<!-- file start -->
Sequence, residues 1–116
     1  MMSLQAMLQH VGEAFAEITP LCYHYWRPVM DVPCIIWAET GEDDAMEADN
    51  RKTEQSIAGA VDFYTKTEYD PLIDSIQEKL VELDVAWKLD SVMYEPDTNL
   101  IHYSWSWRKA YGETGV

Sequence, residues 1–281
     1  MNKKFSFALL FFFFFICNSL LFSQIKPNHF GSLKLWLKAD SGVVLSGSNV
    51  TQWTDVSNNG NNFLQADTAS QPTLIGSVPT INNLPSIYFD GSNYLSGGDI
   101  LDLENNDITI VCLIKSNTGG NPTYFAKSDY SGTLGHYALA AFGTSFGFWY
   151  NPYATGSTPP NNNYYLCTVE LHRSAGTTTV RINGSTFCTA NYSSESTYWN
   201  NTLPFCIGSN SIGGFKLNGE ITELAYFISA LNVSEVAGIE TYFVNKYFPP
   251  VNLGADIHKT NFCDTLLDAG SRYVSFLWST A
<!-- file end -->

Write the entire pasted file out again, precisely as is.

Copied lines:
Sequence, residues 1–116
     1  MMSLQAMLQH VGEAFAEITP LCYHYWRPVM DVPCIIWAET GEDDAMEADN
    51  RKTEQSIAGA VDFYTKTEYD PLIDSIQEKL VELDVAWKLD SVMYEPDTNL
   101  IHYSWSWRKA YGETGV

Sequence, residues 1–281
     1  MNKKFSFALL FFFFFICNSL LFSQIKPNHF GSLKLWLKAD SGVVLSGSNV
    51  TQWTDVSNNG NNFLQADTAS QPTLIGSVPT INNLPSIYFD GSNYLSGGDI
   101  LDLENNDITI VCLIKSNTGG NPTYFAKSDY SGTLGHYALA AFGTSFGFWY
   151  NPYATGSTPP NNNYYLCTVE LHRSAGTTTV RINGSTFCTA NYSSESTYWN
   201  NTLPFCIGSN SIGGFKLNGE ITELAYFISA LNVSEVAGIE TYFVNKYFPP
   251  VNLGADIHKT NFCDTLLDAG SRYVSFLWST A